Telecoms Package: Wikis

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The "Telecoms Reform Package", COM (2007) 697, COD/2007/0247, was presented by Commissioner Viviane Reding to the European Parliament in Strasbourg 13 November 2007.[1] Its aim is to change the EU Telecoms Rules of 2002.[2] In essence its goal is to unify Europe's tele-communications market for all 27 EU member states. It is expected to become law by the end of 2009 or in 2010 with the aim to complete the internal market in the EU telecommunications industry.

In the European Parliaments first reading on 24 September 2008 a number of amendments were carried to uphold user's rights and judicial authority as the highest instance deciding on sanctions against users.[3] In the second reading, on May 5 2009, a majority of the European Parliament voted to amend the package once again, making it illegal for governments to disconnect internet users based on suspected copyright violations until they are proven guilty in court. As of May 2009, this vote may delay the adoption of the package if an agreement cannot be reached before the end of May.[4]

On September 28 2009, the conciliation committee have their first meeting in a third reading. In an Open Letter to the European Parliament 26 leading Internet civil society organizations called on the Members of the Parliament to take decisive action during the ongoing negotiation of the Telecoms Package in order to guarantee a free, open and innovative Internet, and to safeguard the fundamental freedoms of European citizens[5] and a Petition was set up in reaction to the statement of Network neutrality in the United States made on 21 September by FCC Chairman Julius Genachowski.[6]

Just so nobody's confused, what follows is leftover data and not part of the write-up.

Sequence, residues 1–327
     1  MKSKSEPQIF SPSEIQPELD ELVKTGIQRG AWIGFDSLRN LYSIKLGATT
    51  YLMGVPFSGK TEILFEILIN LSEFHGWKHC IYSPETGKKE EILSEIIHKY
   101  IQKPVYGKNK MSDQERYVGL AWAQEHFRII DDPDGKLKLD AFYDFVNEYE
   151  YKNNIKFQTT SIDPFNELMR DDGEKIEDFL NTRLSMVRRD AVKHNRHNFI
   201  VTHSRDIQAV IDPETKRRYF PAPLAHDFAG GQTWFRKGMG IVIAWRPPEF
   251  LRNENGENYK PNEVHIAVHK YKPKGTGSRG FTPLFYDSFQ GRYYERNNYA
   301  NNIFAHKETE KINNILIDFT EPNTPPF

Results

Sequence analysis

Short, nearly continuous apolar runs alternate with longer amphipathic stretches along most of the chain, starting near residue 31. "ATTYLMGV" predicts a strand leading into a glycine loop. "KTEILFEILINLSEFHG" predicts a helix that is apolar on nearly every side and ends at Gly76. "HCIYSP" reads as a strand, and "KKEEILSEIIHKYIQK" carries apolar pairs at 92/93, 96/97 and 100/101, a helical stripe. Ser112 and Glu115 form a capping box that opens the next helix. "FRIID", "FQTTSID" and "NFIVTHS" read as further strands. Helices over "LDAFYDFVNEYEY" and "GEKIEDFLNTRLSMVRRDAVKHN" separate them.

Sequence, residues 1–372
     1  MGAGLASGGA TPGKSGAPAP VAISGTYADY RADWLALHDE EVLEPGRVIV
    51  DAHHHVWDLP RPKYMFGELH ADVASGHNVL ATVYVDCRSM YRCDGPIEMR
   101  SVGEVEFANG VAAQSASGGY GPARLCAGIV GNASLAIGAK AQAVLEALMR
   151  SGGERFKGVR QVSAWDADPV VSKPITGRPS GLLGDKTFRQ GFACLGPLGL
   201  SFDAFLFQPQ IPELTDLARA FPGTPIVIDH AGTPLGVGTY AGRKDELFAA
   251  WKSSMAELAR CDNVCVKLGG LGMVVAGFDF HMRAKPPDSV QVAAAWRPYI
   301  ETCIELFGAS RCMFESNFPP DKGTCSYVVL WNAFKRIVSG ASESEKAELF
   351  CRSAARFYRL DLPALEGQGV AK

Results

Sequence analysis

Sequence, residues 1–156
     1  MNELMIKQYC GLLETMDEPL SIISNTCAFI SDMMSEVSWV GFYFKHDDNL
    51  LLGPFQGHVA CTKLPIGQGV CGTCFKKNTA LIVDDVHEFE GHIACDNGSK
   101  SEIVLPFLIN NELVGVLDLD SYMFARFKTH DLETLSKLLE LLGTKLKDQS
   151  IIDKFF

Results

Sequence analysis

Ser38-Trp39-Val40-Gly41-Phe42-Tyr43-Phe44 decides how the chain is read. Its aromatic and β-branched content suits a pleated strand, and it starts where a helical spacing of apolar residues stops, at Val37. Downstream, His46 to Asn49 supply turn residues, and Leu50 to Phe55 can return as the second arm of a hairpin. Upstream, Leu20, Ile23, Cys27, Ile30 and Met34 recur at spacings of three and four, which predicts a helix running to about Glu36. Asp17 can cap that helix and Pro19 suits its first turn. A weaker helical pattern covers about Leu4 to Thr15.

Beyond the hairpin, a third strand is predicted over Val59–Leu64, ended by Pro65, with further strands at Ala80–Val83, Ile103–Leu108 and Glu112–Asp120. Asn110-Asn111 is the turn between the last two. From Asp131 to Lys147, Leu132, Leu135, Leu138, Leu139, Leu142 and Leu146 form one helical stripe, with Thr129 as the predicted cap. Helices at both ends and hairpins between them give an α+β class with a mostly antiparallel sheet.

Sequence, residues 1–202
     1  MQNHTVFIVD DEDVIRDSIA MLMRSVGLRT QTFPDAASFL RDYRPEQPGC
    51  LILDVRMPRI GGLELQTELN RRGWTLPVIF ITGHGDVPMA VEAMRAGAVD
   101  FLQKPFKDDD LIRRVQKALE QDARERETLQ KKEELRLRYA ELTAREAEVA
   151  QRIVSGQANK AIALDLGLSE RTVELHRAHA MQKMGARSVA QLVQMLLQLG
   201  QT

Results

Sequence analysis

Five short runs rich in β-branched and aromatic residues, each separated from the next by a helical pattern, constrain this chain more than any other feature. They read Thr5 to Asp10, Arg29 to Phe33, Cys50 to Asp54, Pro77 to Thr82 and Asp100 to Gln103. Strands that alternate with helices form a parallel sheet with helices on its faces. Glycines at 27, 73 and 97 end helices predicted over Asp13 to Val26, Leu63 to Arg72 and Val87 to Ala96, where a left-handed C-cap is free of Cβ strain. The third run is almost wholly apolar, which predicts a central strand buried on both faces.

Contents

Amendment 46 (previously 138)

In April 2009, civil organisations drew attention to the potential dropping of Amendment 46 to the EU Telecoms Package, which was first approved as Amendment 138 by the European Parliament in the first reading on 24 September 2008.[7]

After the French representatives had been demanding the withdrawal of Amendment 138, the Committee on Industry, Research and Energy (ITRE) took a vote on the by then renumbered Amendment 46 on 21 April 2009,[8] on the basis of an offered compromise by the committee's chairwoman Catherine Trautmann which would soften the intended ban to a mere Recital which only constitutes a recommendation for the implementation into national law.[9]

However, the ITRE voted in favour of Amendment 46 by a majority of 40 against 4 (2 abstentions),[10][11] accepting the text of the Draft Recommendation for Second Reading:

(fb) in paragraph 4, point (fb) shall be added: